Double-Taxes, Traffic Crashes, and Jealousy

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At MACo’s Summer Conference, Joe Adler of Segal Consulting will present information from Global Workplace Analytics and a survey of Maryland County Governments using telework. Image courtesy of Global Workplace Analytics, click for site.

What do double-taxes, traffic crashes, and jealousy have in common?

They are all considerations in workplace telework policies.

Global Workplace Analytics has a comprehensive list of the pros and cons of workplace telework policies, and the list, which includes those three elements, is wide-ranging.

In the article, Costs And Benefits, Global Workplace Analytics shares and overview of the advantages of agile work strategies for companies and the obstacles to work at home and telecommuting programs.

Here is a sampling:

Advantages of Agile Work Strategies For Companies

  • Improves employee satisfaction: People are sick of the rat-race, eager to take control of their lives, and desperate to find a balance between work and life. Two-thirds of people want to work from home. 36% would choose it over a pay raise.
  • Prevents traffic accidents: Half-time telework, for the portion of the population that holds telework-compatible jobs and wants to work from home, would save more than 1,600 lives, prevent almost 99,000 injuries, and save over $12 billion a year in direct and indirect costs associated with traffic accidents.
  • Ensures continuity of operations in the event of a disaster: Federal workers are required to telework to the maximum extent possible for this reason.

The Obstacles To Work At Home and Telecommuting Programs

  • Co-worker jealousy: Employees need to understand why they were or were not chosen for telework. Employees should see telework as a benefit that is earned, not given. Standards of selection should be uniform.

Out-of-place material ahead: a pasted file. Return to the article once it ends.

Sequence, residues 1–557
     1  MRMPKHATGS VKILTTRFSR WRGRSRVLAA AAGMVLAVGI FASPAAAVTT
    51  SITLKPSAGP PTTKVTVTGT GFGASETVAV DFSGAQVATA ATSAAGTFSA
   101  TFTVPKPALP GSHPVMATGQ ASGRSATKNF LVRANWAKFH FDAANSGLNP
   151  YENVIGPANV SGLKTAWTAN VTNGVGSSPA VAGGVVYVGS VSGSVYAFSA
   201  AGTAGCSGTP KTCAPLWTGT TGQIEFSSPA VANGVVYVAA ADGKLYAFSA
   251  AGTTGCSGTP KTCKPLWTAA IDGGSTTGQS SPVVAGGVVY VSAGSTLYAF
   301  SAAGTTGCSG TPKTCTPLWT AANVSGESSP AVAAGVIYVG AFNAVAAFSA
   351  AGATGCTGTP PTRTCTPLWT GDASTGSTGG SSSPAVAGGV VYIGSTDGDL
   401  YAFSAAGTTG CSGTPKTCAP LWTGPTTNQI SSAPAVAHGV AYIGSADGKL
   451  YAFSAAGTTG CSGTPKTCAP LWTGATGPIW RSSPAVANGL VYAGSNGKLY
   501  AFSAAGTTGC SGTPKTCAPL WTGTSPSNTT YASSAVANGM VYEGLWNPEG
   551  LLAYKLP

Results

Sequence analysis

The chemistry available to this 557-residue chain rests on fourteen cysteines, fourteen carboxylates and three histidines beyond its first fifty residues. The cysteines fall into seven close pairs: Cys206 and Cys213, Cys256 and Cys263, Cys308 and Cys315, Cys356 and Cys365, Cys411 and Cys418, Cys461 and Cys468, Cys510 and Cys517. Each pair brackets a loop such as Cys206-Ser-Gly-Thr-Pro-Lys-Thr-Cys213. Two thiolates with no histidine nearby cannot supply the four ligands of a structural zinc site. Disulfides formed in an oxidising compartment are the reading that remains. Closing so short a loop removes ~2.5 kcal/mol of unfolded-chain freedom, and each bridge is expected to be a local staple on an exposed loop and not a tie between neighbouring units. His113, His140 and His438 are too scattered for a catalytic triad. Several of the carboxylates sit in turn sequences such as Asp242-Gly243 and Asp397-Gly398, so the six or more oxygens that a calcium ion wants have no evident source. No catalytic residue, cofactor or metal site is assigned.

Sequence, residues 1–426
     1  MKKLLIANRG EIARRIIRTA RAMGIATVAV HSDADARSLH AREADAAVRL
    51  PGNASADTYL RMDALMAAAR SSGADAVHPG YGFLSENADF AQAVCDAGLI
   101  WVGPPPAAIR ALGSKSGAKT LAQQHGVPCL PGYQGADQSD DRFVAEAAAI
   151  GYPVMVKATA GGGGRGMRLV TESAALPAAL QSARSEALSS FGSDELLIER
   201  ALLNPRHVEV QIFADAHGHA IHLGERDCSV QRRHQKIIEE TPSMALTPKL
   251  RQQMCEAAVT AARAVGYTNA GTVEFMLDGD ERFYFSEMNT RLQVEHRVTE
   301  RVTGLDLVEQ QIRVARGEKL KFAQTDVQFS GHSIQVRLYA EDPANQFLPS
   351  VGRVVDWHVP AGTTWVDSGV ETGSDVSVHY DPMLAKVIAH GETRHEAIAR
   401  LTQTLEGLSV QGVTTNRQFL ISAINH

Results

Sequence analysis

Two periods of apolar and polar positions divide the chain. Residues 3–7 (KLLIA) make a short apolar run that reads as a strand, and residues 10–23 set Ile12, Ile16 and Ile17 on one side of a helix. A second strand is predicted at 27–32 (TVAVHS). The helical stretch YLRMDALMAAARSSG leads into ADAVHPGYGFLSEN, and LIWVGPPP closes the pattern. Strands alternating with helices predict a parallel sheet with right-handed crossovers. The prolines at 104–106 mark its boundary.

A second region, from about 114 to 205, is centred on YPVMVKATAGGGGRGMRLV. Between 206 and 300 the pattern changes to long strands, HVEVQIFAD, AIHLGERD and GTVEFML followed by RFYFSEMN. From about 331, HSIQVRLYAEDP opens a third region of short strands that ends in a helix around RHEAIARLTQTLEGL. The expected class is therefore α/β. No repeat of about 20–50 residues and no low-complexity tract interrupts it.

• IT infrastructure changes may be necessary: Teleworkers need access to company systems, software, and data.  Infrastructure changes that support telework improve efficiency for office and traveling employees as well. Companies need to address remote technical support issues. Off-the-shelf solutions exist.
  • Double-taxation
    – Some cities, notably New York, impose taxes on home-based workers whether they work in the city or not. A Connecticut resident who works at home for a New York company owes taxes to both states.

For more information see Costs And Benefits from Global Workplace Analytics.

To hear how Maryland counties are implementing telework policies, and the benefits that they are finding, attend the MACo Summer Conference session, Beam Me Up – Telecommuting and County Government.

About the Session:

Sponsor: Maryland Association of County Human Resources Officers

Description: Telecommuting, or allowing employees to work in offices located off-site and within employees’ homes, is becoming more popular. Workplace flexibility is a way to entice employees into county employment, improve business continuity, create cost-savings, and increase eco-friendliness. Telecommuting also poses risks and downsides, including lack of oversight, security concerns, fairness and morale among employees, and loss of on-site brainstorming. This session will explore the most effective telecommuting policies for county government performance and employee satisfaction.


  • Joe Adler, Senior Consultant, Segal Consulting
  • Rhonda Weaver, County Attorney, Charles County

Moderator: The Honorable Eric G. Luedtke, Maryland House of Delegates

Date/Time: Friday, August 19, 2016; 2:15 pm – 3:15 pm

Place: Ocean City Convention Center

Learn more about MACo’s Summer Conference: